And of course, there's SolarCity (NASDAQ: SCTY). This financing and installation company announced in June that it would be acquiring solar panel manufacturer Silevo (as well as building a new manufacturing plant) in an effort to lock in a steady supply of product to meet demand.

We are in discussions with the state of New York to build the initial manufacturing plant, continuing a relationship developed by the Silevo team. At a targeted capacity greater than 1 GW within the next two years, it will be one of the single largest solar panel production plants in the world. This will be followed in subsequent years by one or more significantly larger plants at an order of magnitude greater annual production capacity.

Given that there is excess supplier capacity today, this may seem counter-intuitive to some who follow the solar industry. What we are trying to address is not the lay of the land today, where there are indeed too many suppliers, most of whom are producing relatively low photonic efficiency solar cells at uncompelling costs, but how we see the future developing. Without decisive action to lay the groundwork today, the massive volume of affordable, high efficiency panels needed for unsubsidized solar power to outcompete fossil fuel grid power simply will not be there when it is needed.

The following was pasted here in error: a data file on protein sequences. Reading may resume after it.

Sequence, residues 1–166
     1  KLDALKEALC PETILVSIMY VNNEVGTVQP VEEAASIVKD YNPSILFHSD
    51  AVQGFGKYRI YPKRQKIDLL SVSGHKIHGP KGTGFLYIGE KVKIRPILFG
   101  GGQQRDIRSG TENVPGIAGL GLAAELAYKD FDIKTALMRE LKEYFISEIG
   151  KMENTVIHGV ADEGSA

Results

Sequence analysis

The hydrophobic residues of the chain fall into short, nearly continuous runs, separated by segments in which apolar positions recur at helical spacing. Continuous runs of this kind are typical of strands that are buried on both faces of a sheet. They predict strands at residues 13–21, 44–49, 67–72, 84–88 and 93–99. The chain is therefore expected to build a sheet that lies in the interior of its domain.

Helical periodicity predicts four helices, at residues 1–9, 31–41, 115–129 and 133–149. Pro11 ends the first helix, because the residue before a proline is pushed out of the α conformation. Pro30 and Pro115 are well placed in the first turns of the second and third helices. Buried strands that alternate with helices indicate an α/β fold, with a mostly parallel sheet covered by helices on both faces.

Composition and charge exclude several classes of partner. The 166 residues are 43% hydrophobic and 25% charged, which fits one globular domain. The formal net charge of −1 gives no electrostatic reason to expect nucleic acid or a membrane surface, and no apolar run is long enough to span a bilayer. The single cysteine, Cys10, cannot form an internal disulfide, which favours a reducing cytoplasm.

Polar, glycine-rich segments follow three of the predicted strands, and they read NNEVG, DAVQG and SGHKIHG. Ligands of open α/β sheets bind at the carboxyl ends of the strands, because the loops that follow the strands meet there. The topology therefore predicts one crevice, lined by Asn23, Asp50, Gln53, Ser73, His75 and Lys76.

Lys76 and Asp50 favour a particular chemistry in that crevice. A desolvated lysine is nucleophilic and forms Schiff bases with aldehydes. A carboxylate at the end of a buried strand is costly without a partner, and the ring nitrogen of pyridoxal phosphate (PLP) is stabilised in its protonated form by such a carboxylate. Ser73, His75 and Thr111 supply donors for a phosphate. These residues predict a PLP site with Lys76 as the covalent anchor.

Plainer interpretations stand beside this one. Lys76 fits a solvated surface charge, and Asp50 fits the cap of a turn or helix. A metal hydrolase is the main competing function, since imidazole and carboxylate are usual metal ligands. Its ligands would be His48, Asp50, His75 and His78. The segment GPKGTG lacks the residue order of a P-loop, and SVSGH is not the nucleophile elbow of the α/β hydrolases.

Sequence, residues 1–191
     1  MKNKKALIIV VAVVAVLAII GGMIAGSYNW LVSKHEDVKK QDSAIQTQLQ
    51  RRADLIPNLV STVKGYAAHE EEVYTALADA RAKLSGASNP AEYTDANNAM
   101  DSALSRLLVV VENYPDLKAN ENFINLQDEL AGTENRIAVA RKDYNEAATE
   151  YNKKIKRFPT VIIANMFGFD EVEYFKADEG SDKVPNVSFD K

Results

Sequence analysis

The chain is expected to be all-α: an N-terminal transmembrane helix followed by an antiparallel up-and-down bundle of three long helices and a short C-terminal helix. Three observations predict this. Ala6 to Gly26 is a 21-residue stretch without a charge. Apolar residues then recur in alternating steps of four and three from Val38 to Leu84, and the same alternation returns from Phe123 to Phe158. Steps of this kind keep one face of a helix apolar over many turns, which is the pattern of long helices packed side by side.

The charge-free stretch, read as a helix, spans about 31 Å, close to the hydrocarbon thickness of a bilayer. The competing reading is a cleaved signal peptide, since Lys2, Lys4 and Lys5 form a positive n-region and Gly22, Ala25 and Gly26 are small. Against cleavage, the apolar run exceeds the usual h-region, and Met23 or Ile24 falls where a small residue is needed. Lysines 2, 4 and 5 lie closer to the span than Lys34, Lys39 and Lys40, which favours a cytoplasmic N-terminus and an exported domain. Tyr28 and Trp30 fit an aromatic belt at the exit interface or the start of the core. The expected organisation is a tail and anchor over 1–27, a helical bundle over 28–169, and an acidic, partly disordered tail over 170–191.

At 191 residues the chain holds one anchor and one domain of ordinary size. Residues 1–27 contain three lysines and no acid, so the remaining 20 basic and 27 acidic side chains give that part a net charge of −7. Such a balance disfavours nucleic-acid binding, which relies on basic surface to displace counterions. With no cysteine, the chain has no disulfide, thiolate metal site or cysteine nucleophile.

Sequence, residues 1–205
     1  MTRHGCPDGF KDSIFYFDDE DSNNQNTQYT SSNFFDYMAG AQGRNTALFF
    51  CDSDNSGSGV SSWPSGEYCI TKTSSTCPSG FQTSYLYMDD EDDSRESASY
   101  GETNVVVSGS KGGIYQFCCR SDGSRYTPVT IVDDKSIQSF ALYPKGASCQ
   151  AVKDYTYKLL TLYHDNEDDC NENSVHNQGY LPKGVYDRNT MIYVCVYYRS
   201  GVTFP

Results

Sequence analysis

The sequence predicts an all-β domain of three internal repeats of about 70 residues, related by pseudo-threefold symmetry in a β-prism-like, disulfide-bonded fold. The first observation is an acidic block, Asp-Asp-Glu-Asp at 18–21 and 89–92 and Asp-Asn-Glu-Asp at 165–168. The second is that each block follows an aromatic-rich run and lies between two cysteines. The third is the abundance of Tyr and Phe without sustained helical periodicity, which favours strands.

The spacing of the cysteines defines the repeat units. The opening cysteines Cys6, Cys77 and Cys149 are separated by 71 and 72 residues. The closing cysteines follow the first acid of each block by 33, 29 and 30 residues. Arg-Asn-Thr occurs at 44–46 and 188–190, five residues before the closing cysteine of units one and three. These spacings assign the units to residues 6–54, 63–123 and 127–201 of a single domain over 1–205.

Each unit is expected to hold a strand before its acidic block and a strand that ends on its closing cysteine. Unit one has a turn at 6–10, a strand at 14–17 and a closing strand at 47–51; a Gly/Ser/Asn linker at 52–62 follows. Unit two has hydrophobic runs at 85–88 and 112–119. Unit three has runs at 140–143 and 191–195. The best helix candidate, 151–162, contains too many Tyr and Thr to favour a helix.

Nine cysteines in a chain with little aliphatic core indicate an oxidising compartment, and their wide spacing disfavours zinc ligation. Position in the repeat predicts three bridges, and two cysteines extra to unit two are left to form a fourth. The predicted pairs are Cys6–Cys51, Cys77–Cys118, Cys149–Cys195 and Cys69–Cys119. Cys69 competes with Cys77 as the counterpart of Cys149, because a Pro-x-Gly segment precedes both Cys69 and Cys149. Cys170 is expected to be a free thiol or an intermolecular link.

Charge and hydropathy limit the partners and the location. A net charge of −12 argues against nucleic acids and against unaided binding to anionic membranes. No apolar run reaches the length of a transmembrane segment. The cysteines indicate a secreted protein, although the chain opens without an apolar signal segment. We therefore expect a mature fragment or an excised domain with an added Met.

Even if the solar industry were only to generate 40 percent of the world’s electricity with photovoltaics by 2040, that would mean installing more than 400 GW of solar capacity per year for the next 25 years. We absolutely believe that solar power can and will become the world’s predominant source of energy within our lifetimes, but there are obviously a lot of panels that have to be manufactured and installed in order for that to happen. The plans we are announcing today, while substantial compared to current industry, are small in that context.

I remain extremely bullish on SolarCity, and I do hope you picked some up after I suggested you do so following the free fall that took the stock down to below $50 back in March.

sccty

Today, SolarCity trades for around $70 a share. On the low end, I maintain that this is easily a $75 stock, while Goldman puts it higher at $85 and Deutsche Bank at $90.

Of course, if you prefer a little more action and the opportunity for an even bigger gain in the solar space, consider one of the up-and-coming solar tech plays that don't get much attention in the mainstream but that are poised for major gains as the solar market continues to soar.

To a new way of life and a new generation of wealth...